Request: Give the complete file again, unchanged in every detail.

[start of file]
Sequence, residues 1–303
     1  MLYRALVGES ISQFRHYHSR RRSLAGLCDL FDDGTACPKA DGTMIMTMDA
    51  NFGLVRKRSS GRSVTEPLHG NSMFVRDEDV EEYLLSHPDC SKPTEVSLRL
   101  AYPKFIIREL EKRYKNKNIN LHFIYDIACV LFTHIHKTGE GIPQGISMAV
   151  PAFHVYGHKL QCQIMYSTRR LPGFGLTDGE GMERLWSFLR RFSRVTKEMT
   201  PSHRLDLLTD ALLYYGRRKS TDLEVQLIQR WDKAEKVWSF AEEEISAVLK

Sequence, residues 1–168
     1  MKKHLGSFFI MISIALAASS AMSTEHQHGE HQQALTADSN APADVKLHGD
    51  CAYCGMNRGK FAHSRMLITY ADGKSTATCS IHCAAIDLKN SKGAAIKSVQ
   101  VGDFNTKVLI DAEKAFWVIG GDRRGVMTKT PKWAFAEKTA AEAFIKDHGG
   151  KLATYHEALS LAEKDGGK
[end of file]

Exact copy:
Sequence, residues 1–303
     1  MLYRALVGES ISQFRHYHSR RRSLAGLCDL FDDGTACPKA DGTMIMTMDA
    51  NFGLVRKRSS GRSVTEPLHG NSMFVRDEDV EEYLLSHPDC SKPTEVSLRL
   101  AYPKFIIREL EKRYKNKNIN LHFIYDIACV LFTHIHKTGE GIPQGISMAV
   151  PAFHVYGHKL QCQIMYSTRR LPGFGLTDGE GMERLWSFLR RFSRVTKEMT
   201  PSHRLDLLTD ALLYYGRRKS TDLEVQLIQR WDKAEKVWSF AEEEISAVLK

Sequence, residues 1–168
     1  MKKHLGSFFI MISIALAASS AMSTEHQHGE HQQALTADSN APADVKLHGD
    51  CAYCGMNRGK FAHSRMLITY ADGKSTATCS IHCAAIDLKN SKGAAIKSVQ
   101  VGDFNTKVLI DAEKAFWVIG GDRRGVMTKT PKWAFAEKTA AEAFIKDHGG
   151  KLATYHEALS LAEKDGGK